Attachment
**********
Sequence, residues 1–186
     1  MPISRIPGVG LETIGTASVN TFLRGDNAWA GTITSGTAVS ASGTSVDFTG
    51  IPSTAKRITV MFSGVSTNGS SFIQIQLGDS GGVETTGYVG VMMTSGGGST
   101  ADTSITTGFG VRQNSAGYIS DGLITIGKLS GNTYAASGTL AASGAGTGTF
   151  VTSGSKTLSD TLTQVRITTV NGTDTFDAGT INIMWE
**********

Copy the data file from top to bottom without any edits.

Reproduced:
Sequence, residues 1–186
     1  MPISRIPGVG LETIGTASVN TFLRGDNAWA GTITSGTAVS ASGTSVDFTG
    51  IPSTAKRITV MFSGVSTNGS SFIQIQLGDS GGVETTGYVG VMMTSGGGST
   101  ADTSITTGFG VRQNSAGYIS DGLITIGKLS GNTYAASGTL AASGAGTGTF
   151  VTSGSKTLSD TLTQVRITTV NGTDTFDAGT INIMWE